What on—Mom begins to say.
I have always despised the crack in the dressing room door, through which someone might see my unclothed body, but right now I peer through it, scouting Amber in the sliver's crosshairs. I point her out to mom—Look.
This is ridiculous, let's just—she reaches for the metal lock and I jump from the plank to slap her hand away. I press my back against the door and lock us both in. I lift one foot off the ground so Amber only has one ankle to potentially recognize. Mom. Please, I say, through my tears, through my teeth. Please. I'm supposed to be in Florida.
Everything okay in there? the dressing room attendant asks through the plywood. Do you believe in life after love? Cher asks through the speakers. I am only asking to disappear. I watch through the crack for Amber like a woman behind a door in a horror movie, holding my breath until the killer leaves the room. Once her chlorine-tinged ponytail passes through the metal detectors and the threat of her walks out without a beep, I exhale. Mom, put your hood up, follow me.
We run through the mall like women dodging rain. We run past the sale signs, the teenage boy in his boxers whose job is to just stand outside Abercrombie, we run past stores that sell handkerchiefs as shirts, we run past the girls air-brushed blemishless and happy, the bras that promise to turn our bodies to Heidi Klum's, we run past what could have been my first truce with a dressing room, past the opportunity to peek my head out through its curtain, ask a clerk, Excuse me, do you know if you have this, one size down? Down, down, down a flight of spiraling stairs, we run past Claire's who will pierce your ears with a gun. We bypass a security guard who does not consider us dangerous. We run past Cinnabon and its scent chases after—faster, I say, testing my new legs, I have been training all of July to run like this, so fast I can be invisible. We run past the food court and the choices I might have made inside it, where I could have learned what kind of woman I'll be on the other side of summer. We run out of the air conditioning, off the waxed tile floors, we run on the hot asphalt that glitters like it has diamonds trapped inside it. Really, it's just broken glass.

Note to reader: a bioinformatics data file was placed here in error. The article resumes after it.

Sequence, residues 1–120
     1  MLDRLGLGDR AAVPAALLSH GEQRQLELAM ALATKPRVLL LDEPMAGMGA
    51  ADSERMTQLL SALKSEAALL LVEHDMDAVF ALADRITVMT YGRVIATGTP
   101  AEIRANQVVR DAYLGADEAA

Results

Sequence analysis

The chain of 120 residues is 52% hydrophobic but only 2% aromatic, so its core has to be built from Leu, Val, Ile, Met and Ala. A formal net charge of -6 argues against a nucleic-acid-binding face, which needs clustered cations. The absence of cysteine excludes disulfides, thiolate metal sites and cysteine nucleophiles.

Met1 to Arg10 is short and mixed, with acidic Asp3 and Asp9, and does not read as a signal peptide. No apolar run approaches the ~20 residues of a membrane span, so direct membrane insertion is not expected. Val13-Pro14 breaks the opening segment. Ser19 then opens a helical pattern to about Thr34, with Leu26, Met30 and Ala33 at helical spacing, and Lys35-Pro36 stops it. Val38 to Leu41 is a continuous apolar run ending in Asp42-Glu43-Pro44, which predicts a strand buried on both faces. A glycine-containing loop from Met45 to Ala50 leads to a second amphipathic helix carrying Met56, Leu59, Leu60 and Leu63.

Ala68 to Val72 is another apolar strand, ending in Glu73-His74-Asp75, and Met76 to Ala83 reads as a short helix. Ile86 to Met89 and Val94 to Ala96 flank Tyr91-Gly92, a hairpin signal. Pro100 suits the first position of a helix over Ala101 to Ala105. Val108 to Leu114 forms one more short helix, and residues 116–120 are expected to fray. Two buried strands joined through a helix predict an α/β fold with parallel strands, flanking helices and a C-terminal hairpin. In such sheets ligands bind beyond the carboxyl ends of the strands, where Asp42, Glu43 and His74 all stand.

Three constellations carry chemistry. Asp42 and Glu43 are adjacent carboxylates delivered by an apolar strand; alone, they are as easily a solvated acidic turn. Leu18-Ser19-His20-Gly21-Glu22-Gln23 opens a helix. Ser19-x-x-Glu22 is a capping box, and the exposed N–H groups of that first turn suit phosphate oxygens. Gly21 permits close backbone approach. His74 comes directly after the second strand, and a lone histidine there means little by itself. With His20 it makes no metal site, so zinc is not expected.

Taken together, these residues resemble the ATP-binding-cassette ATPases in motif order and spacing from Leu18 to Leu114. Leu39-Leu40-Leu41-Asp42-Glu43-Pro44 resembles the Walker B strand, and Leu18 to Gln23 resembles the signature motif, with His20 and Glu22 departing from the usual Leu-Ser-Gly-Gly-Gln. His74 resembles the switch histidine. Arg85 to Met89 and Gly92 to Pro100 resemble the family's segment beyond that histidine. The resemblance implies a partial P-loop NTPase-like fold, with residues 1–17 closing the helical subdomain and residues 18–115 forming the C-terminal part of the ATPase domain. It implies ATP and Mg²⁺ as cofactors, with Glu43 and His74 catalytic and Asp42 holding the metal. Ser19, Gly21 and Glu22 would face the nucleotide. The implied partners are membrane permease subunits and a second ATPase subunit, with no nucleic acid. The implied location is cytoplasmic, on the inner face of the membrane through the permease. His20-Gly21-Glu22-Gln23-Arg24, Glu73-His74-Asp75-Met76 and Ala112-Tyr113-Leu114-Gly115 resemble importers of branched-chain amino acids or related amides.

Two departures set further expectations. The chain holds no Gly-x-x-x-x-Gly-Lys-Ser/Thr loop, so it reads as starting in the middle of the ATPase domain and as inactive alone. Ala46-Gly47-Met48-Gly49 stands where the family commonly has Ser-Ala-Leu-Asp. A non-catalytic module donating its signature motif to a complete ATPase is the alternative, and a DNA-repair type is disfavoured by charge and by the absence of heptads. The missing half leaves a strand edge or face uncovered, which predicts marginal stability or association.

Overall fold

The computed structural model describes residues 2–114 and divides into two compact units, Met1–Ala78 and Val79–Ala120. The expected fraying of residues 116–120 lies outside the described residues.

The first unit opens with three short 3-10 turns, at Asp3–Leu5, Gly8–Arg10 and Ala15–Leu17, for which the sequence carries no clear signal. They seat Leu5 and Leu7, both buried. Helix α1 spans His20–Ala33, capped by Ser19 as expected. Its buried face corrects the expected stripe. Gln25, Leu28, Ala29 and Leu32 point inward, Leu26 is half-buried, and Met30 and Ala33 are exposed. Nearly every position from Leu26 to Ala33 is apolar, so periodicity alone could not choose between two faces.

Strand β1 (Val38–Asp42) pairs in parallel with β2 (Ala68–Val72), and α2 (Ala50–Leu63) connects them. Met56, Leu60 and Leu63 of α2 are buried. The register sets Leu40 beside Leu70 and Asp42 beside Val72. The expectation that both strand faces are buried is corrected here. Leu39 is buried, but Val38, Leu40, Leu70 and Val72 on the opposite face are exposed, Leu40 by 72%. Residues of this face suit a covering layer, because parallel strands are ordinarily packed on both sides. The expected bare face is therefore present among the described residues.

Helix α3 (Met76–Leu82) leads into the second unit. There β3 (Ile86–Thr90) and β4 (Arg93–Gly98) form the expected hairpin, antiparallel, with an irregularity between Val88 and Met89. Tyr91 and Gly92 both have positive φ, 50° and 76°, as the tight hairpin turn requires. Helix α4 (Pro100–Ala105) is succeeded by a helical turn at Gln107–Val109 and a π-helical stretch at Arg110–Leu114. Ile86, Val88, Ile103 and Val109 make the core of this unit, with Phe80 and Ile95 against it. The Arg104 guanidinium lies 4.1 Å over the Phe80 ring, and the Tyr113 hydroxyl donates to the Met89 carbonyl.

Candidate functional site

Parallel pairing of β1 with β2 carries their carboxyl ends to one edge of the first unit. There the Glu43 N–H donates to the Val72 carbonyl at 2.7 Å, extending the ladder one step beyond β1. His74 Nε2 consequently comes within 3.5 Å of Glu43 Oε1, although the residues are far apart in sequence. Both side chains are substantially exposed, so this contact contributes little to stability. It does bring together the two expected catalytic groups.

When we get to the car, I recline the passenger seat all the way down and pull the drawstrings on my hoodie tighter to shrink the surface area of my face, still convinced that someone might see me.
Mom looks over at me, out of breath, out of answers. Do you want to—
She shifts the car into gear and peels out of the parking lot without leaving a mark. We drive through forty minutes of growling silence, back the way we came, back to camp, back to where I am safe.